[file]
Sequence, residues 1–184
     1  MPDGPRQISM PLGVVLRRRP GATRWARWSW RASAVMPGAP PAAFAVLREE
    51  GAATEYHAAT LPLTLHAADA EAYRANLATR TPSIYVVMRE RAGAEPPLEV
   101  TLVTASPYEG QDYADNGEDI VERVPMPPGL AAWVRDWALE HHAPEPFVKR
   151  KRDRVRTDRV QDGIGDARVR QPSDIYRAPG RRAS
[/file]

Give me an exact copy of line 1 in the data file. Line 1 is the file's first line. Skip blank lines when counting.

Sequence, residues 1–184